But my thoughts today keep going back to the owner of the room. Today, on Holy Thursday, Jesus’ ministers will say to me, “Where is the guest room, where I am to eat the Passover with my disciples?” That householder was ready without warning; I have had all of Lent to prepare. I still wonder if my inner, upper room is furnished and ready for tonight.
Behold, I stand at the door and knock; if any one hears my voice and opens the door, I will come in to him and eat with him, and he with me. (Revelation 3:20)
Among the Holy Week liturgies, I have a special soft spot for the Holy Thursday evening Mass. A tender atmosphere of love surrounds the ceremony itself, giving way to a sense of desolation when the altar is stripped at the end. As it turns out, these two moods, tender love and brooding sorrow, match the two main streams of Holy Thursday’s history.
The first stream gives us a sense of sorrow. Not surprisingly, it was the astonishing Cyril of Jerusalem in the 4th Century who introduced special customs for the Thursday before Easter:
In the morning the Jerusalem church celebrated Mass in the chapel of the Cross, something they never did any other day of the year. It was customary for all to receive communion.
A second Mass was celebrated at about 4:00 in the afternoon to begin an evening of reliving what happened that night in Jerusalem long ago.
Afterwards, the whole congregation kept vigil at a church on the Mount of Olives, with readings on the last supper.
They visited Gethsemane after midnight for a reading on the agony in the garden.
Finally, they returned to the city in the morning for a reading of the gospel of the trial of Jesus. When this passage was read, the pilgrim Egeria recounts, there was a loud “moaning and groaning with weeping from all the people.”
Many things have changed, but Cyril set the pattern. To this day we have an evening Mass with a special emphasis on the mystery of the Eucharist; the faithful are not supposed to receive Communion at any other Mass that day, to emphasize their Communion together in the evening. After the Mass, the host is carried in a special procession to a separate tabernacle, representing Jesus going out into the night with his disciples. People stay afterwards for a period of adoration, remembering that Jesus asked his disciples to stay and keep watch with him. The altar is stripped bare, emphasizing the sense that Jesus has left the sanctuary, has gone out into the night to meet his betrayer.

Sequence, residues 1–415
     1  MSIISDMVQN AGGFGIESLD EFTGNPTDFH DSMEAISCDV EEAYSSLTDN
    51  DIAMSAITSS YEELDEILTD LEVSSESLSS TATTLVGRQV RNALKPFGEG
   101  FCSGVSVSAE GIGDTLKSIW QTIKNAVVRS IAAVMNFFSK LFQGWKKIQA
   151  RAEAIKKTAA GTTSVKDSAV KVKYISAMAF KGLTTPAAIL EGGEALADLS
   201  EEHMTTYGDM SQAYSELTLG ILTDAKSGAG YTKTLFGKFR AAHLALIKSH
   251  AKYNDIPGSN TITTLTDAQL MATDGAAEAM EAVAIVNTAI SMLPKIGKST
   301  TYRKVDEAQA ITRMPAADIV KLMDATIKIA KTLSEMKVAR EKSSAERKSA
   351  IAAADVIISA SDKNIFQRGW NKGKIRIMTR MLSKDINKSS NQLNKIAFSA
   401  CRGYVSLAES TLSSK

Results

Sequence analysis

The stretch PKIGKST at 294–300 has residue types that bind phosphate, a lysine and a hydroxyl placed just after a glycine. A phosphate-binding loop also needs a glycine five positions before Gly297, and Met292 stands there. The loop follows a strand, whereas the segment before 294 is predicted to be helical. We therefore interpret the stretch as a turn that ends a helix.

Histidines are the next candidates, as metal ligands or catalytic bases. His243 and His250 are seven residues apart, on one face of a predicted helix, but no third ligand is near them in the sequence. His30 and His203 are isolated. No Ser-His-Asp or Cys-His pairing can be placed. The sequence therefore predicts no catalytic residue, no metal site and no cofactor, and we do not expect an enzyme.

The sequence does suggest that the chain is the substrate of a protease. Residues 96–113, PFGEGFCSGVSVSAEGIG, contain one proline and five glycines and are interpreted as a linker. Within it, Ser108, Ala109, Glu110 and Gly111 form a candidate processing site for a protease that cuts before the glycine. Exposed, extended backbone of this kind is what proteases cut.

A second stream contributes to the atmosphere of tender love. Some time after Cyril’s practices had begun to spread throughout the Christian world, the washing of feet became part of the Holy Thursday tradition. There is no documentary evidence of this until the 7th century, but the texts from that time seem to imply a somewhat earlier origin. Some surprising facts:
Until Pius XII’s reforms in 1955 it was not celebrated as part of the Mass, and in some places it is still separate from the Mass.
There was often a separate hall or building where it was done, and the focus of the ceremony was on an act of love, especially for the poor. In one 11th century monastic version of the ritual, the abbot and his monks genuflected and bowed down to adore Christ in the poor men whose feet they were about to wash.
In the Middle Ages in many places it was customary for the king to wash the feet of poor men and then wait on them at table, although if a queen was on the throne then she would wash the feet of poor women. Modesty forbade men from washing women’s feet, or women men’s.
The first word of the first antiphon sung during the foot-washing ritual was mandatum, from which we seem to get our English name for the day, “Maundy Thursday” as well as our name for the foot-washing ceremony itself, the “Mandatum”.
In the current rubrics, the entire rite is optional, celebrated “where a pastoral reason suggests it.” The tradition that men only wash the feet of men has carried over into the rubrics, which require that the priest wash the feet of viri, of men. Although it has become customary to wash the feet of twelve men, no particular number is mandated by tradition and the rubrics do not specify a number.
On Holy Thursday, my family prepares for the evening Mass with a Passover reenactment and reflection. The super-rich evening liturgy assumes the Last Supper setting at every point, but we like to underscore that fact with a little drama in the home.
These days a lot of people say that they do a Seder meal or that they do a “Christianized Passover” for Holy Thursday. I’m sorry, but those are both absurd things to say.
On the one hand, the Seder is not a Passover meal, because the Passover was a sacrificial banquet, and for sacrifices you have to have the Temple. No, the Seder is a Jewish ritual that was invented after the destruction of the Temple and after Christ had ascended and Christianity was already being preached to the world as something different from Judaism. There is no reason a Christian would celebrate a Seder.
On the other hand, the “Christianized Passover” is the Mass. Christ himself “Christianized” the Passover, so it’s kind of silly for Christians to pretend to do that for him. If you want a Christianized Passover, go to the Holy Thursday evening liturgy.
What we do at home on Holy Thursday is best called a Passover re-enactment. We try to re-enact what Jesus and his disciples would have done at dinner that night as a way to prepare our minds for what the Church offers us in her liturgy. It’s a devotional prep for the evening. We look forward to it every year!
Here’s how we do it. Everyone who participates in the Passover re-enactment gets this slim handout, which explains both the actions and the foods; you can print it on one double-sided sheet. The cook will need this food list, which has some practical notes on how to prepare things. The leader can look at this really detailed overview of the Passover ceremony for background; at the end, I’ve tucked in a bibliography of sources I used in reconstructing the ritual. When I lead people through the devotion for the first time, I often base my comments on this article, which I published some time ago in the Homiletic and Pastoral Review.
Do you have any special family traditions for the Triduum? Let me know in the combox. I’d love new ideas for Holy Thursday and Good Friday in particular.